Donald Trump’s triumph, the death of the modern two-party system, and more
A look ahead after the ugliest election in American history
Hang on for a minute...we're trying to find some more stories you might like.
Email This Story
On Wednesday, Nov. 9th, I awoke hoping for a miracle.
I didn’t get one.
Election results summed up everything that the election had been about: upsets, fear, and the unexpected. Most polls were wrong. The New York Times, which had just a few days earlier given Hillary Clinton a 91 percent chance of winning the election, gave Donald Trump a 95 percent chance of winning after taking key states.
For me, and most of my friends, and all the poor souls who had supported Bernie Sanders or Hillary Clinton, life was a nightmare. Everyone- Republicans and Democrats alike, had one question: what happens now?
The Demise of the Republican Party
On Election Day, Trump’s victory overshadowed another victory for conservatives: control of both Congressional bodies. But their victory now could foreshadow their demise.
Republicans may not know it yet, but Trump’s victory has highlighted nasty splits within the party, which divide three main groups: the alt-right, social conservatives and fiscal conservatives. Trump gave a much needed voice to the alt-right, when he called for a ban on Muslim immigration and asserted that the Clinton Campaign would take away guns from law-abiding citizens. These folks often overlap with, yet cannot be put into the same category as social conservatives, a dying but still powerful group. Often driven by religion, it includes politicians like Ted Cruz and Mike Pence, and is often the most vocal opponent to gay marriage and abortion rights. Finally, fiscal conservatives, the Republicans most upset at Trump’s victory, care primarily about economic responsibility and fixing the national debt.
Whether Republicans can overcome these differences or not is for the future to decide. But what’s clear is that the 162-year-old party is going to have problems staying afloat; if only millennials- the future of the country- had voted, Trump would have been left with only 21 electoral votes.
The New Democratic Party
Republicans weren’t alone in their party being fundamentally changed this election. Recalling the primaries means recalling Bernie Sanders and his multitudes of supporters, many of them millennials.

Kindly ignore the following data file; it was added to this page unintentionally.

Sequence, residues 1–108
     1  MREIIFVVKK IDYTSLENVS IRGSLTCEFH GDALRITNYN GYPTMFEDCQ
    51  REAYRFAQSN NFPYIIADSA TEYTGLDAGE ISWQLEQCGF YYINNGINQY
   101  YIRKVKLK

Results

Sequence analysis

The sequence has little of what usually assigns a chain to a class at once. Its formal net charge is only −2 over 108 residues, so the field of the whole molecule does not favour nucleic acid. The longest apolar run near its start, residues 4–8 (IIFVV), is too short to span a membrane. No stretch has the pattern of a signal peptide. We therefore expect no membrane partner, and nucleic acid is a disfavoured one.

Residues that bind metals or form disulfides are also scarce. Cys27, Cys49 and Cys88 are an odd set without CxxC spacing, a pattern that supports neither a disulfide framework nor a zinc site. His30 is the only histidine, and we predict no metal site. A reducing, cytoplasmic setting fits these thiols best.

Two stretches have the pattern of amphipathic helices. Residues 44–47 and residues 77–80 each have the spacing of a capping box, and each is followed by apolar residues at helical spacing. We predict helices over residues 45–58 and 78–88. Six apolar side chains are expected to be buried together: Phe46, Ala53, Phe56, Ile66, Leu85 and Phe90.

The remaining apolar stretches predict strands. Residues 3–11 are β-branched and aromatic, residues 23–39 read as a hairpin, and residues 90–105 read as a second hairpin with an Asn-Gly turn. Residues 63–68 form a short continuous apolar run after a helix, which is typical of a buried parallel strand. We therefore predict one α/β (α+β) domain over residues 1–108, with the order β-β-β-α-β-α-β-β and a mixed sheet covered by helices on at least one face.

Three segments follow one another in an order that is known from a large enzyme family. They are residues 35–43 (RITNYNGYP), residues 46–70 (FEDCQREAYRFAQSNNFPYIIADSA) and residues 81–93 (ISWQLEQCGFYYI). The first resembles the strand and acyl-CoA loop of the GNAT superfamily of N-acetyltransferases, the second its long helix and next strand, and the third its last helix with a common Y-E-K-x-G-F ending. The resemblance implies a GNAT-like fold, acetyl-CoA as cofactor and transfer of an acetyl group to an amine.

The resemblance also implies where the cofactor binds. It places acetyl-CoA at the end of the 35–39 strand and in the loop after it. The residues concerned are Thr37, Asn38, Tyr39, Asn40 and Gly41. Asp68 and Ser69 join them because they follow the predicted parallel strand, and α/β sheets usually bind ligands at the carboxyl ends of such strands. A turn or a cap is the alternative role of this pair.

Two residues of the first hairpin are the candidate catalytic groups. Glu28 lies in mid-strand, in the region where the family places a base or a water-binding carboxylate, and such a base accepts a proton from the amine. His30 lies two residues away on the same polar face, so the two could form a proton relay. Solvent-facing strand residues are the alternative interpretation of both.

Sanders may have lost in the primaries, but he fundamentally changed the party, moving it to the left in several areas, including minimum wage, and universal healthcare coverage. Additionally, the Democratic National Committee will soon have a new chair, after Debbie Wasserman Schultz’s shady primary tactics forced her to resign.
The Democrats are bound for fundamental change. The rise of Democratic Socialism? Maybe, or maybe a shift back to the right. But the fact of the matter is that despite lacking control of Congress, or the Presidency, Democrats will have a big impact in the future.
A New Political Power?
If Republicans really do crumble in the future (which could happen, given their lack of support from young people) the Democrats will still face opposition. This opposition could be found in a three-party system, with some new faction rising from obscurity.
It would be a fundamental shift in American politics, but the concept isn’t unheard of; Canada, for example, has seen a rise in its New Democratic Party (similar to the Green Party), challenging the traditional Liberal and Conservative Parties. But since the Democrats are inching closer to this philosophy, the Libertarian Party is more likely to become stronger in the coming years. After all, Gary Johnson did perform better than Jill Stein in this election, and Libertarianism is more likely to attract frustrated Republicans.
It may or may not happen, but if the trend of undesirable major party candidates has made enough of an impact in this race, Americans may give power to a new political voice.
The Bottom Line
Bad Presidents have come and gone. But never before has a candidate won an election who risks terminating the respect that such a job requires. For Americans like me that refuse to normalize racism, sexism, and homophobia, the only solution is to fight back. After all, we have a First Amendment.
So get involved. Be active. Volunteer. Donate to organizations. And perhaps most importantly, get out and vote – in local elections in 2018, for president in 2020, and for the rest of your life. But don’t do nothing.